Different institutions. MSU's basically run by a board that has shown it cares first and foremost about athletic success. Football's obviously hugely important at OSU but it's still takes a backseat to the massive medical research facility that's the main engine of the university. Also, there's long been a desire among OSU's board and admins to be known as something more than a football school. There's probably something about the newness of MSU's football success versus the long term success of OSU football. Indeed, it's been so successful for so long, I'm sure there's some sense that it's self-sustaining (which, as we've seen, certainly isn't the case, but you can imagine that belief).
|08/01/2018 - 7:01pm||If Joe Moorhead has a good…||
If Joe Moorhead has a good year at Miss St, he probably gets hired by OSU.
|08/01/2018 - 6:56pm||It also creates time for…||
It also creates time for Meyer's lawyers and the university to negotiate a settlement, such that OSU isn't on the hook for his entire salary and doesn't have to go through the inevitable lawsuit that firing him for cause would lead to.
|08/01/2018 - 6:54pm||Most accounts suggest it's…||
Most accounts suggest it's because Smith is the grandson of Earle Bruce, who Meyer viewed as his mentor and almost as a second father.
|08/01/2018 - 6:51pm||From the link. His standard…||
From the link. His standard for firing the band director was that he "was aware or reasonably should have known about" the abuse and failed to act. That seems .... relevant.
|08/01/2018 - 6:33pm||FWIW, it was an associate…||
FWIW, it was an associate vice president of the university, rather than Gene Smith or an AD employee that announced the leave, which suggests the investigation is not being run by the athletic department.
|08/01/2018 - 6:30pm||I'd guess they're going to…||
I'd guess they're going to investigate if he (and his wife) met their mandatory reporting duties under Title IX and the university's broader policies on domestic abuse. If he's found to have not fulfilled them, they'll try to fire him for cause. If he did make a report of some sort (which seems doubtful, given his behavior to this point) they'll reinstate him. Big question is which department at OSU is leading the investigation. If it's all contained within the AD, he has a chance of surviving. If it's not, he's most likely cooked.
|08/01/2018 - 12:09pm||At universities they're…||
At universities they're generally wider because the population that people are supervising are adults and because of Title IX. At most places they involve any revelations of sexual abuse and assault. Whether mandatory reporting of domestic violence is required varies, I believe, on a state by state basis.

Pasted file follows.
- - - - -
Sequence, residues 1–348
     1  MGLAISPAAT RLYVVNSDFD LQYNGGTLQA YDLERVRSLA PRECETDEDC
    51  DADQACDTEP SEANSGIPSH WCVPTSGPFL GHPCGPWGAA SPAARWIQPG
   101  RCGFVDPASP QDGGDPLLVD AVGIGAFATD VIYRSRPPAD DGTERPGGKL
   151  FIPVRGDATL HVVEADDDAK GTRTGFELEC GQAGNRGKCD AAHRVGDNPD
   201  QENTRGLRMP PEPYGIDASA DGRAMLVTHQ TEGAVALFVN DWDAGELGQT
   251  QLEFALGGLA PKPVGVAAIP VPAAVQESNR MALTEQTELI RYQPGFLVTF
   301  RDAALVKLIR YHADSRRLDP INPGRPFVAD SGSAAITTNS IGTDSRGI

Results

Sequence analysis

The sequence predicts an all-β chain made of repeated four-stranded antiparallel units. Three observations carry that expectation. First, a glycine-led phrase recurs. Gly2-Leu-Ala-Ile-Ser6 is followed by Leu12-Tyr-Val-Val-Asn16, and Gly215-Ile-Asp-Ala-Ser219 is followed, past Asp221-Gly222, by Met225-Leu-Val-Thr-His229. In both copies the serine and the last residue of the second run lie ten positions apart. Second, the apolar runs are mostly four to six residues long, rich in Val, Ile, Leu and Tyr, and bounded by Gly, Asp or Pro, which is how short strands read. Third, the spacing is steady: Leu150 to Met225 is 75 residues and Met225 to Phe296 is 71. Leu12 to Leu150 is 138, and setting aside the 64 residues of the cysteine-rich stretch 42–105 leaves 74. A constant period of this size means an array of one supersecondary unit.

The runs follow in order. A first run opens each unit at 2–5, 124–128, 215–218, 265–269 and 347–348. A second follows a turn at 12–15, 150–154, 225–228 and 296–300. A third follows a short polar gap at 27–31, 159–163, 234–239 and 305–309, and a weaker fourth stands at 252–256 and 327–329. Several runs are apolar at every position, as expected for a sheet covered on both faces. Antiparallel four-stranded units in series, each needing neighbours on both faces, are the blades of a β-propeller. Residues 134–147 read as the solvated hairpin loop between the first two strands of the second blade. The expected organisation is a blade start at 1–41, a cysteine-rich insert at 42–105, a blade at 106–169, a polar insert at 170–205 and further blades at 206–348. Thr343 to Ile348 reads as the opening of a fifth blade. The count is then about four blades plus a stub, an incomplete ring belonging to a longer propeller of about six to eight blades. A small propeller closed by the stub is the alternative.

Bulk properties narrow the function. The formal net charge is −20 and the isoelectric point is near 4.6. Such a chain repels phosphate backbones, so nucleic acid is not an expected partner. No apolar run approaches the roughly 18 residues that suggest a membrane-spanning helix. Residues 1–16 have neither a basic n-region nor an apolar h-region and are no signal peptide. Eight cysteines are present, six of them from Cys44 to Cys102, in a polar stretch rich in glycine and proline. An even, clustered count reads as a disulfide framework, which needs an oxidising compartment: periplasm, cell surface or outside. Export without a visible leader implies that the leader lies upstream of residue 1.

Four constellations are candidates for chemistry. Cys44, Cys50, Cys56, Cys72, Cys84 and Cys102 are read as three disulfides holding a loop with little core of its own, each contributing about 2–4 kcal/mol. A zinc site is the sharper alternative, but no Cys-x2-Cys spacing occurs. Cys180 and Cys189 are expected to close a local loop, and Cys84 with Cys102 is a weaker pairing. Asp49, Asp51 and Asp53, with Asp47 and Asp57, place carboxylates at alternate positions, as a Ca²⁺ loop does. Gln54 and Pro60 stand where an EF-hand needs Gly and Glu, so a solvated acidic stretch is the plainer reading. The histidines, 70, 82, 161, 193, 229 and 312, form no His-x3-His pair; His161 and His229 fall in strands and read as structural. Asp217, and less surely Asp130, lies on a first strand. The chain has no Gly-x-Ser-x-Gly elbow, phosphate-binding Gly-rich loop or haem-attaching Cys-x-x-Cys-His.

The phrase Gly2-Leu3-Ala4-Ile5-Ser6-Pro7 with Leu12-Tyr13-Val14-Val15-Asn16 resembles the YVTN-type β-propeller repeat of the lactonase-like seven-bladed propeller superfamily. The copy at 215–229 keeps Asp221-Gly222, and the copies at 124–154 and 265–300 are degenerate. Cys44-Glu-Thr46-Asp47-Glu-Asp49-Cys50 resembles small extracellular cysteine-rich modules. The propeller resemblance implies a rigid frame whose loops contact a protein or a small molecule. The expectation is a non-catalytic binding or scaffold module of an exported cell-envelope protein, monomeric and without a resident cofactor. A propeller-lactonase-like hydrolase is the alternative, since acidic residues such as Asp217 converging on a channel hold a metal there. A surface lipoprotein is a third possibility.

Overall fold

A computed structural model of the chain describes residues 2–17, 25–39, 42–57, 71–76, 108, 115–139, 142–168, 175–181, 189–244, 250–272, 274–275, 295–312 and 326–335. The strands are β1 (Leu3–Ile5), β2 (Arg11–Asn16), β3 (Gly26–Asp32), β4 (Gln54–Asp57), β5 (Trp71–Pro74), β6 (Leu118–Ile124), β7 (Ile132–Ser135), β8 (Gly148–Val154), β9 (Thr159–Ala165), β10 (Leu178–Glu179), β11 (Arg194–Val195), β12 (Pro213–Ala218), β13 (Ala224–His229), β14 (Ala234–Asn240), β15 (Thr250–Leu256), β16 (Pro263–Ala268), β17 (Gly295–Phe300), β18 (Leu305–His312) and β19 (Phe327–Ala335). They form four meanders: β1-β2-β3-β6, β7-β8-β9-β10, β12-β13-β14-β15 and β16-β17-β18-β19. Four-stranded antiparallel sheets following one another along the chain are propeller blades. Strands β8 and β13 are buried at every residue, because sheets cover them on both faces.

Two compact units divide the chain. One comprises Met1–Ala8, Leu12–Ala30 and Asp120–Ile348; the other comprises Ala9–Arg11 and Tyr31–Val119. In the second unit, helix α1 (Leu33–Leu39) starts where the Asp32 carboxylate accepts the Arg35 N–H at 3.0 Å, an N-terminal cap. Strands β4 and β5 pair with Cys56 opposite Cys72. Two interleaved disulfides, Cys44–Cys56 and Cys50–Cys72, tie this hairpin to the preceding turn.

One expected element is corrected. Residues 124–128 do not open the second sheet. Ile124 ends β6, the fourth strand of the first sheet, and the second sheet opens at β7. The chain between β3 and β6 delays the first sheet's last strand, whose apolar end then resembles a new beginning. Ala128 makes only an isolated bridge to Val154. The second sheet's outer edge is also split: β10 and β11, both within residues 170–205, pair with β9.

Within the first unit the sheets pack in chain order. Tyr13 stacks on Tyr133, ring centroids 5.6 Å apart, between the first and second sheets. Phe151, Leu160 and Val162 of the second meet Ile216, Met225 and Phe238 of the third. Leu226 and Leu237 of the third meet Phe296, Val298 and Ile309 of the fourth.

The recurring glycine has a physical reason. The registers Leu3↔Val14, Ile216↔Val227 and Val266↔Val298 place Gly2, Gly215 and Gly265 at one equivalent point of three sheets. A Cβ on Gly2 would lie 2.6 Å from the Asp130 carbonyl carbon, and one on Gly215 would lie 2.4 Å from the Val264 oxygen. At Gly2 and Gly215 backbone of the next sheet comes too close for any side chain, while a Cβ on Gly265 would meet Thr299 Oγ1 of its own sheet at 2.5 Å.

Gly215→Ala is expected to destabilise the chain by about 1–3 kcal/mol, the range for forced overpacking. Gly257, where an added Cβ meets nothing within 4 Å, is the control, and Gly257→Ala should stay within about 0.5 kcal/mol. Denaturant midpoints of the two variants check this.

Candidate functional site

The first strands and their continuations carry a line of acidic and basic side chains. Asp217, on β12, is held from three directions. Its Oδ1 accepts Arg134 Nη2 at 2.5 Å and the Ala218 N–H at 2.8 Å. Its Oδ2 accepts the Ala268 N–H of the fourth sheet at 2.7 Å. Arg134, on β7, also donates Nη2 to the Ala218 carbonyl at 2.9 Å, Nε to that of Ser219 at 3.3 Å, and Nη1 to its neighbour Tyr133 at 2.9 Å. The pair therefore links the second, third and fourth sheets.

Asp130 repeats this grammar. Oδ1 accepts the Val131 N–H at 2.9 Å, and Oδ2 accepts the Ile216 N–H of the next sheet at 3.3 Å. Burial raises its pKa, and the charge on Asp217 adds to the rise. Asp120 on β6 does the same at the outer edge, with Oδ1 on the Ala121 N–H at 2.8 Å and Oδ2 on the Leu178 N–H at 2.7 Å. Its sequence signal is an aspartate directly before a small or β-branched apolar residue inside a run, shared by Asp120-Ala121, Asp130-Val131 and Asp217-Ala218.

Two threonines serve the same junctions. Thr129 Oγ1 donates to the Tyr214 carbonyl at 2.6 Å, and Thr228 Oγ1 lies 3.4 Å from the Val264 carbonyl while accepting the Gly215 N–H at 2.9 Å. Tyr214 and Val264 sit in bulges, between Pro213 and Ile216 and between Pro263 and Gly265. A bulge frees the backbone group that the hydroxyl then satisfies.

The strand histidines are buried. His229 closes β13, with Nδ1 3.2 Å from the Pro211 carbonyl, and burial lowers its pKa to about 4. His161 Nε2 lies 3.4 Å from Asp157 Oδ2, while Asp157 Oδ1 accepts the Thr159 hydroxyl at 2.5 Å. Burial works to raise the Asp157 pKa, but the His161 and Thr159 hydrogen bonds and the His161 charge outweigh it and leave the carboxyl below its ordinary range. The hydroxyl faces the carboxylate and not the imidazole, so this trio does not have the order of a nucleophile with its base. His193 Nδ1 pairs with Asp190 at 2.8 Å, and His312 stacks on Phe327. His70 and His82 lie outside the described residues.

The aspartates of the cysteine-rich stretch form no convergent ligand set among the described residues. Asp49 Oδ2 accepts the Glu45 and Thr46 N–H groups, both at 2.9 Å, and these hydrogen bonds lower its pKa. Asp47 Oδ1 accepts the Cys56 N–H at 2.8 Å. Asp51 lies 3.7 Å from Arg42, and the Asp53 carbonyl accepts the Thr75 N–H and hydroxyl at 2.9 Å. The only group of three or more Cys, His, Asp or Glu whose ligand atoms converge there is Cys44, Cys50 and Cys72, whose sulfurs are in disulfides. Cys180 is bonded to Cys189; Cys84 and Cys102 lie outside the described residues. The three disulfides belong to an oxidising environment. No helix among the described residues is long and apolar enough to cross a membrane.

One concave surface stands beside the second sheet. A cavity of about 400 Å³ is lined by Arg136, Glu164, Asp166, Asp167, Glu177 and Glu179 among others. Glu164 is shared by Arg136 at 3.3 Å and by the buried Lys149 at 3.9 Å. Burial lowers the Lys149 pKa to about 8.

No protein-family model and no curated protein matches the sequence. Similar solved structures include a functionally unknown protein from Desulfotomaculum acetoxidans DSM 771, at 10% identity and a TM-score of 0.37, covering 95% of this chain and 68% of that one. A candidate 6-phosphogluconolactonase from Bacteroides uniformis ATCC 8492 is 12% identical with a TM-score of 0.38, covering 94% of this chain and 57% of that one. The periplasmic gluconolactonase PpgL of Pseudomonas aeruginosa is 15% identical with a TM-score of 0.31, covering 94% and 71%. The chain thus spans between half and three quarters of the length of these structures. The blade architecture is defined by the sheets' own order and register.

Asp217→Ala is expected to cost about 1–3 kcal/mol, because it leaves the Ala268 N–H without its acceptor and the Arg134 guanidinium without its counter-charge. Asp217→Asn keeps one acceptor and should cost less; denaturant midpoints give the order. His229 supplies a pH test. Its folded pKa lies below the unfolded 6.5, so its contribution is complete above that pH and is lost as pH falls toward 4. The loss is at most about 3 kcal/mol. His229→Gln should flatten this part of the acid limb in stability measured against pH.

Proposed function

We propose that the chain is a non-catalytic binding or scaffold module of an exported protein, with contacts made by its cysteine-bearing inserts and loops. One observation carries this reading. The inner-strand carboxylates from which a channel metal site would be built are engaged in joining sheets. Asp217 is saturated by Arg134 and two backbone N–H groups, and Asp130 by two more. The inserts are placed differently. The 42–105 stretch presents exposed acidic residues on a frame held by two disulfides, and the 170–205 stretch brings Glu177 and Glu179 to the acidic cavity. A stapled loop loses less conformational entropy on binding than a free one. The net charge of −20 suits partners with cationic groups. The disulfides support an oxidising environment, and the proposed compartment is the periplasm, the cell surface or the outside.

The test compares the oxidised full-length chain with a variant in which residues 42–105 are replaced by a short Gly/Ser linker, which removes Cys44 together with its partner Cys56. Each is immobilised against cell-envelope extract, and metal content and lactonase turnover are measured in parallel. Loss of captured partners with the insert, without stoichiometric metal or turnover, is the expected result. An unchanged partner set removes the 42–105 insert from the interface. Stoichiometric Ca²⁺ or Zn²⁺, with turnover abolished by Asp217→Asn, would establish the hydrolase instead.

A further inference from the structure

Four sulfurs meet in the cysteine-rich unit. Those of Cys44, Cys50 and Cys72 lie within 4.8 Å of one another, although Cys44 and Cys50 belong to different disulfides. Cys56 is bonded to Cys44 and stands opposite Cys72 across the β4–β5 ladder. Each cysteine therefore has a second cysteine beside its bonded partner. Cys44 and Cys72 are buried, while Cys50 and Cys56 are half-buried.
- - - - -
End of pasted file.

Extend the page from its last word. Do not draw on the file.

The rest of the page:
|08/01/2018 - 11:57am||Further context is that Ohio…||
Further context is that Ohio State's AD also harbored a doctor who engaged in long term sexual abuse of the wrestling team, a story that's gotten a fair amount of traction because it includes GOP Rep, Jim Jordan, who was a former wrestling coach accused of covering up the abuse, who also happens to be running for Speaker of the House. That this Meyer story comes out at the same time means that OSU's AD, and broader administration, is going to be facing questions from both sports media and the national political press about patterns of covering up abuse within the AD. Whether that leads to pressure for some kind of broad house cleaning is TBD, but it's a bad look for the institution.
|07/20/2018 - 9:26am||John Brooks getting hurt was…||
John Brooks getting hurt was probably the biggest single reason that the US didn't qualify, as it exposed the extreme shallowness in the player pool at CB and led to lots of time for Gonzalez, who was clearly not up for it.
|07/18/2018 - 12:09pm||If Delta is still running…||
If Delta is still running flights from OHare into the Marine Terminal at LGA, that's the way to go. It's by far the best airport experience in NYC. It's a small terminal used only for commuter flights between NYC and Boston, Chicago, and DC, and has none of the enormous hassle of LGA's other terminals and none of Newark's occasional huge security lines (even with Pre-check).
|06/14/2018 - 2:49pm||Yeah, the 48 team WC is…||
Yeah, the 48 team WC is going to have some ugly games. Saudi Arabia looked like a 3rd division team. Hard to play a possession game when you're incapable of possessing the ball.
|06/13/2018 - 1:37pm||A large number of employers…||
A large number of employers want employees that have learned to think in particular ways (sorting and assembling diverse information to make original arguments) rather than being trained in discrete technical skills that are going to be specific to their industry. Most employers expect that recent college grads will need extensive training in the things specific to the particular job they are hiring them for.
|05/25/2018 - 3:03pm||It seems like MLS is||
It seems like MLS is generally making a bet that smaller stadiums customized for soccer (both LA and Minnesota's new stadium have standing sections behind one goal, ie no seats, and the rest of the seats are close) where they control all revenues is both a better fan experience and business model than the kind of situation proposed at Ford Field. Atlanta's obviously the counterpoint, but it seems to have some particularities that don't apply (specifically, the relocation of MLB to the far northern suburbs).